By Joe McNamee

Our article on the problems with the Estonian eID card attracted some criticism and non-specific allegations of inaccuracies. We recognise the sensitivities of the Estonian authorities on this issue, but stand behind the article.

For the sake of completeness and to allow our analysis to be verified, here is the timescale that we describe in the article:

30 August – Estonian Information System Authority (RIA) was informed about the vulnerability by a third party

5 September – RIA issued a statement about “a possible vulnerability” but that “the given security risk has not been realized” and that this risk was “not enough to cancel the cards”

28 September – RIA made a logically questionable distinction between advice to those who use their cards regularly – that they should renew their card – and advice to others, whose cards were equally compromised, who were not advised to renew their card

16 October – RIA issued a press release pointing to a “potential vulnerability” arguing that the “Estonian ID-card and the corresponding digital solutions continue to be safe”

30 October – RIA “recommended” that cards be updated

2 November – RIA announced that it will block all affected cards and urged “all holders of security risk affected ID-cards” to begin to remotely update their cards

Other criticisms:

We also received some comments by email and via Twitter with regard to the article. Again, we understand the sensitivity that led to some somewhat strident comments and are happy to respond appropriately. We have done our best to reflect all of the comments and deal with them comprehensively:

Comment: Article 17 was not deleted but simply moved verbatim to another instrument.
Our response: Yes, this is partially correct and was an oversight on our part (both the fact that it was moved and that the move itself was proposed by the previous presidency). Instead of strengthening this measure, as proposed by the European Parliament, the Estonian presidency proposed:

  • moving it from a stronger instrument (Regulation) to a weaker instrument (Article 40.3a of the Directive establishing the European Electronic Communications code);
  • moving to an instrument whose scope is significantly narrower than the e-Privacy Regulation;
  • amending it in a way that is less clear and subject to varying interpretations in 27 EU Member States;
  • amending it in a way that establishes a higher and less clear threshold for the provision to be enacted.

Tracked changes proposed by Council:

Member States shall ensure that, in the case of a particular and significant risk of a security incident that may compromise the security of in public communications networks and electronic communications services, the provider of an electronic communications such services shall inform end-their users potentially affected by concerning such risk a threat of any possible protective measures [sic] or and, where the risk lies outside the scope of the measures to be taken by the service provider, inform end-users of any possible or remedies which can be taken by the users. Where appropriate, providers should also inform their users also of the threat itself. , including an indication of the likely costs involved.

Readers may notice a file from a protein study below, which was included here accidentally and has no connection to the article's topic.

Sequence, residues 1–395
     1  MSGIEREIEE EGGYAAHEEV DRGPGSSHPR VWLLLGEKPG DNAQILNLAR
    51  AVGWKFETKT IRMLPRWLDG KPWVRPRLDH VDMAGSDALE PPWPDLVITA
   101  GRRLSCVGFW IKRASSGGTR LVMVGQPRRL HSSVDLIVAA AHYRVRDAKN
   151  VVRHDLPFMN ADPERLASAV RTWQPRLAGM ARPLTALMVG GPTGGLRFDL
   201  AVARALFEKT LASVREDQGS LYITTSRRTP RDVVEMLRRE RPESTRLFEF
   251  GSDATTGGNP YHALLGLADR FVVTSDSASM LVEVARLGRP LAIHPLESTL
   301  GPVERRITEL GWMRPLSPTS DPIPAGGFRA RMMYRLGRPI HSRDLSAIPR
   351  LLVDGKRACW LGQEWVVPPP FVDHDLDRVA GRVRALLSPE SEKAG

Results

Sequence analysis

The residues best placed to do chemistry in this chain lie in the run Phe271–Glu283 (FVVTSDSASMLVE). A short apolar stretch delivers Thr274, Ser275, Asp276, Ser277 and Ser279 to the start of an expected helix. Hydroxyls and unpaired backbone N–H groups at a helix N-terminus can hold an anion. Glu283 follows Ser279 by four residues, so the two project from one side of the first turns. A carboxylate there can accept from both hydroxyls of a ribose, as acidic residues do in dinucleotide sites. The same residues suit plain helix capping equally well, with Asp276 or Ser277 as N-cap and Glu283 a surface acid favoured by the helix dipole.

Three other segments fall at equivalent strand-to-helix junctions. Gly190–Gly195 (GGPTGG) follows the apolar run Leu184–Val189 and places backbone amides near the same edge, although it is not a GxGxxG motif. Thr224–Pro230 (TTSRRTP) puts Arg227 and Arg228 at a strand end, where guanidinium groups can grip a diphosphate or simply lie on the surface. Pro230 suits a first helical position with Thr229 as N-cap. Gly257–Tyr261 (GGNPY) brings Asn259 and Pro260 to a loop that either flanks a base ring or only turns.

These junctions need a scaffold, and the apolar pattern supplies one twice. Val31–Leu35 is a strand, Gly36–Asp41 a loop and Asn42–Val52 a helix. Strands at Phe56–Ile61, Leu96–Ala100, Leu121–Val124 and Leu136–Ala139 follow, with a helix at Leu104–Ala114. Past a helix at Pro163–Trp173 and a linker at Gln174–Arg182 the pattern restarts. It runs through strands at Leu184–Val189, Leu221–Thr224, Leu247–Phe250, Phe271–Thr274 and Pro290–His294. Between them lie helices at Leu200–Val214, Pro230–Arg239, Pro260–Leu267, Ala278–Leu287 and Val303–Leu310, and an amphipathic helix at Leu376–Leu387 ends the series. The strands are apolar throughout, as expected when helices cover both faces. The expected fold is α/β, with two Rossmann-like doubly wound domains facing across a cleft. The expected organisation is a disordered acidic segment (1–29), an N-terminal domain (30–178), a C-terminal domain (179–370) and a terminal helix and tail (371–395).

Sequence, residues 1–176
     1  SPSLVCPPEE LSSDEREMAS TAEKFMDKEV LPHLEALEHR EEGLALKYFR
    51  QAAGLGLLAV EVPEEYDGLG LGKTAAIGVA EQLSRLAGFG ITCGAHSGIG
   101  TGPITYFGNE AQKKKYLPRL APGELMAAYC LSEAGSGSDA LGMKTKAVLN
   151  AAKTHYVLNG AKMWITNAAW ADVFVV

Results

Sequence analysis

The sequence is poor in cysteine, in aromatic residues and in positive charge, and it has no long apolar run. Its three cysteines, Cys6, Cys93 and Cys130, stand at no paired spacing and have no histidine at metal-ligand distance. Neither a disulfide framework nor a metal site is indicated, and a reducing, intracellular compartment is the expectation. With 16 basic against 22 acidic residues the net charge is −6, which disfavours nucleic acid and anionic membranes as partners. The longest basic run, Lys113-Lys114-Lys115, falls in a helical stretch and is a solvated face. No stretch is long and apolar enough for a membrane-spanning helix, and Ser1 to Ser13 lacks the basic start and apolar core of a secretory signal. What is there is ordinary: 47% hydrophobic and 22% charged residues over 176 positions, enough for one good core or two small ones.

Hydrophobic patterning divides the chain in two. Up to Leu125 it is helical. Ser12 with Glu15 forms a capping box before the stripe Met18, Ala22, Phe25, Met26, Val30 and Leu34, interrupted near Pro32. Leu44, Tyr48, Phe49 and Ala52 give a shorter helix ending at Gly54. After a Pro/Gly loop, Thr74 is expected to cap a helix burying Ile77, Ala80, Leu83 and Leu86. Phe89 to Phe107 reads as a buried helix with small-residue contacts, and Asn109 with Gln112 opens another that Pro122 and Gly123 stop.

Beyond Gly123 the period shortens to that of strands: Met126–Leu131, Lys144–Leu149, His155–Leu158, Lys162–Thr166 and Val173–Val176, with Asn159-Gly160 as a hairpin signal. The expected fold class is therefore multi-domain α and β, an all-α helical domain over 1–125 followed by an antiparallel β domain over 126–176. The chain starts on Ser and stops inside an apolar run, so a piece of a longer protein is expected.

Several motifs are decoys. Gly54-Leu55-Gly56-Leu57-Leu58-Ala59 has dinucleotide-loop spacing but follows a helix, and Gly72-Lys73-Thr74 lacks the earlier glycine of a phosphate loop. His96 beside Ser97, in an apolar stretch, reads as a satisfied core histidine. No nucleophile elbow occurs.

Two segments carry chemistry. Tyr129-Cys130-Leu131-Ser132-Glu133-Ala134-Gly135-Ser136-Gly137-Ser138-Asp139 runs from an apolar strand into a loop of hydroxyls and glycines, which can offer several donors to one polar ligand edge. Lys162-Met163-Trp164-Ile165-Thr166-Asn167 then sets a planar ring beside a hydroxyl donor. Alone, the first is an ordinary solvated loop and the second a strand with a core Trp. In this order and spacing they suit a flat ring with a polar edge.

Comment: Other countries were affected by the same flaw
Our response: This was explicitly recognised in the article. However, due to Estonia being at the vanguard of eGovernment implementation, the flaw created vastly more dangers for Estonian citizens compared with elsewhere. It could credibly be argued that the Estonian authorities, despite the confusion described above, handled the matter better than some other countries.

Comment: Other technologies, such as credit cards, were affected.
Our response: Credit cards have liability rules and insurance, operate in a market, are not compulsory and subject to choice. The comparison is therefore not valid.

Comment: There was no harm.
Our response: This is impossible to know for certain. Furthermore, if there was no harm, this can be ascribed to good fortune.

Comment: There is no causal relationship between efforts to weaken Article 17 of the proposed ePrivacy Regulation and this incident.
Our response: None was alleged. We simply wished to draw attention to the importance of Article 17 for trust and security.

Conclusion

We always welcome feedback and requests for clarification and further information in relation to everything we publish. We are therefore grateful for the energetic response we received from our Estonian friends and hope that all outstanding issues have now been fully clarified.

Estonian eID cryptography mess – 750 000 cards compromised (15.11.2017)
https://edri.org/estonian-eid-cryptography-mess-750000-cards-compromised/

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